Another great out-of-the-city option is a 25 Km. drive to the virtual tip of South Andamans to a place called Chidiya Tapu. It was the first encounter with Mangrove forests for my Australian guests and the favorable microclimate of Chidiya Tapu meant that it was very rich in avian life as well. We spent hours together sighting some truly rare winged species. I have personally never witnessed a more ethereal sunset than the one at Chidiya Tapu. Since we were short of time, we couldn't afford to stay overnight, but from what we had already seen from the vantage position of the Forest Guest House located on a hillock, was mesmerizing to say the least. Endless stretches of virgin isolated islands as viewed from the hillock can be a truly outstanding experience.
As far as Island hopping was concerned, I was specially fascinated by Diglipur in North Andamans. It is a paradise for Eco-Tourism and is very rich in marine life. I especially loved the oranges and my Australian guests each bought a basketful of oranges weighing 5 kilograms each.
On of the best vantage point of Diglipur is the impressive Saddle Peak, located at a height of 732 meters above sea level. Anyone who takes the trouble of climbing up to the peak is reassured of breathtaking scenic vistas. We indulged in a fun filled picnic and spent the entire day here.
We were taken to the spot where Andaman’s first state-of-the-art hydroelectric project was coming up by harnessing the power of Andaman’s only river – Kalpong. Given the breathtaking scenic vistas on offer at Diglipur, many foreign tourists decide to stay here at the comfortable Turtle Resort. For those with a penchant for Turtles, the scenic Ramnagar beach is ideal. We were amazed by the scene hundreds of Turtles nesting along the shoreline and my Australian guests went delirious with joy as they had never seen so many Turtles at one place.
We were all very keen to visit the Little Andaman Island since we knew that it was the vegetable bowl of Nicobar Islands. Not only this, two of Andamans’ most exotic tribes: the Onges as well as the Nicobarese inhabit the Island. Although entry to the tribal areas is prohibited, we did spot a few tribesmen who were busy looking for preys in the tropical jungles armed with their traditional bows and arrows.
Apart from the fascinating tribals, the Little Andamans is very popular with the beach aficionados, courtesy the magnificent Butler Bay. If one proceeds further ahead of Butler bay, a string of virgin sandy beaches invites the tourists with their breathtaking charm. A few fishermen’s huts are located along the beach promenade and we spotted two Western tourists who opted for home stay accommodation with a local fisherman’s family.
Towards the end of our Andamans jaunt, we decided to embark on a guided Bird Watching tour. The hotel offered its own vessel for our Bird Watching Tour and even provided us with a trained naturalist to accompany us. As we engaged in Island hopping and made brief halts at places that were swarming with birds along the banks, our guide Tony Lewis revealed that in the Islands of Andamans more than 246 species of avian life have been spotted, out of which 39 are endemic. No wonder that given the avi-faunal diversity on offer, the islands are often visited by renowned Ornithologists from across the globe.
What was so unique about my trip to Andaman & Nicobar Islands was that vast stretches of land, sparsely populated and resplendent with endless scenic vistas made for a truly fairy tale Island holiday. I found the cosmopolitan crowd at Port Blair to be warm and friendly.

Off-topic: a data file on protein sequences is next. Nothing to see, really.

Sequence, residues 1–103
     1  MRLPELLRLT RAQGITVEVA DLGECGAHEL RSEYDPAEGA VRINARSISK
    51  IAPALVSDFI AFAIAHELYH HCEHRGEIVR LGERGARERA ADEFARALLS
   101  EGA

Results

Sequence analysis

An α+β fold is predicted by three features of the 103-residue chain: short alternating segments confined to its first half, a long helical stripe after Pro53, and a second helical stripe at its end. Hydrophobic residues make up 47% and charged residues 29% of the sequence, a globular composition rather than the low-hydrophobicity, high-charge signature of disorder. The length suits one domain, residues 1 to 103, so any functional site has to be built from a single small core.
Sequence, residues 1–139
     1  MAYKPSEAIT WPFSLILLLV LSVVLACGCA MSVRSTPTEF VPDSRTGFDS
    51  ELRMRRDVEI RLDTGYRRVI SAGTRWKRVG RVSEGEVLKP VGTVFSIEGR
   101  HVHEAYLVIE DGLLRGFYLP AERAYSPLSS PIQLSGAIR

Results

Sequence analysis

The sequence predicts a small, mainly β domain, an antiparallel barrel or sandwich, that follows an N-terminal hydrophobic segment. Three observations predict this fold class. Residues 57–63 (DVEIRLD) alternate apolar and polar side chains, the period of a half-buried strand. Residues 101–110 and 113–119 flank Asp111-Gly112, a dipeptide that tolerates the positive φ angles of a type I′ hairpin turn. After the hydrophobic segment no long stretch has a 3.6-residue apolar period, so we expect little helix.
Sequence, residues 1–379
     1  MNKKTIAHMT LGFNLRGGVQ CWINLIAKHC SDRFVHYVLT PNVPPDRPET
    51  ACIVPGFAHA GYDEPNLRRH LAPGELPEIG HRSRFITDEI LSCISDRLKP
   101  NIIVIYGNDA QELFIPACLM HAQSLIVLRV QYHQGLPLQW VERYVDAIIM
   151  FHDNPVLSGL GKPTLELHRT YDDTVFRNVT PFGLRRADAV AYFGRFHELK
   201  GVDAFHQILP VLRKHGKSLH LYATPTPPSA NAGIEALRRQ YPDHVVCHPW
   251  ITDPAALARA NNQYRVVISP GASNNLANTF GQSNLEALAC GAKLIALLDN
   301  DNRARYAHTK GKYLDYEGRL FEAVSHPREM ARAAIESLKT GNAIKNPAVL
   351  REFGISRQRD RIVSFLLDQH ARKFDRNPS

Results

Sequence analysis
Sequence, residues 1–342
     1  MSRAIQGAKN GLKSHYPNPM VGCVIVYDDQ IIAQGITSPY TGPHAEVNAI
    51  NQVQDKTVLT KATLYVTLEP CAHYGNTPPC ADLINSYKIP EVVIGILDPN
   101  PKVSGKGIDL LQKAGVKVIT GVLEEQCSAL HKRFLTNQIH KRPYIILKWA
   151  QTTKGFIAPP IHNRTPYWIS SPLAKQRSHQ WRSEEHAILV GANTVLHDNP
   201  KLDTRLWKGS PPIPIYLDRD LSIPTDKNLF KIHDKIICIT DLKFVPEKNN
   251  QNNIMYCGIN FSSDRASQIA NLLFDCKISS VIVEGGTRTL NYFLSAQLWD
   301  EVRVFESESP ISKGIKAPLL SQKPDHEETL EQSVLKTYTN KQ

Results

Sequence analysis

The fact that we were guests of the strategically located Peerless Resort offered us with the much-needed ethereal peace of the surroundings. Getting to hear the haunting murmur of the waves and the chance to gaze at the blazing dawn rupture over the sea right from the cozy confines of one’s bedroom was like recreating the magic of “Eden on Earth” all over again.
I believe that to experience the best of both the worlds - the exotic as well as the ageless quality, Andaman is the place for you to venture.
Traveler’s Fact File:
Getting There:The capital city of Port Blair is well linked to the metropolitan cities like Kolkata and Chennai. Indian Airlines, Jet Airways, Kingfisher etc… offer regular flights to Port Blair.
A unique way of traveling to Andaman & Nicobar Islands is by embarking on a sea voyage. The Shipping Corporation of India operates regular services to Port Blair from both Kolkata and Chennai.
Port Blair has a multiplicity of accommodation options. From star category properties like the Sinclairs, The Peerless Resort, the Centaur Beach Resort and others of their ilk to the numerous government run accommodation units in the form of Tourist Lodges, Dak Bungalows, Tourist Homes, Government of India Guest Houses and Inspection Bungalows, the choice is yours.
Apart from the Department of Tourism, accommodation units are also run by various other government departments like the Public Works Department and the Department of Forests.
Budget category hotels like City King Palace, Shompen, N.K.International, Abhishek, Dhanalakshmi, Holiday Resort, Gem Continental, Hotel Tejas, Holiday Inn and Hornbill Nest are very popular with tourists.
There are numerous Lodges that provide basic amenities and among the most popular Lodges are the Andaman Tourist Cottage, Ram Nivas, Kavitha, Swagat Lodge, Sampat Lodge, Youth Hostel, YMCA International Guest House, and Mangrove Bay Resort etc…
For any further information on Andaman & Nicobar Islands, please feel free to contact:
Directorate of Information, Publicity & Tourism,
A & N Administration, Port Blair, A & N Islands.
Telephone: 03192 - 230933, 230234
Fax: 03192 - 230933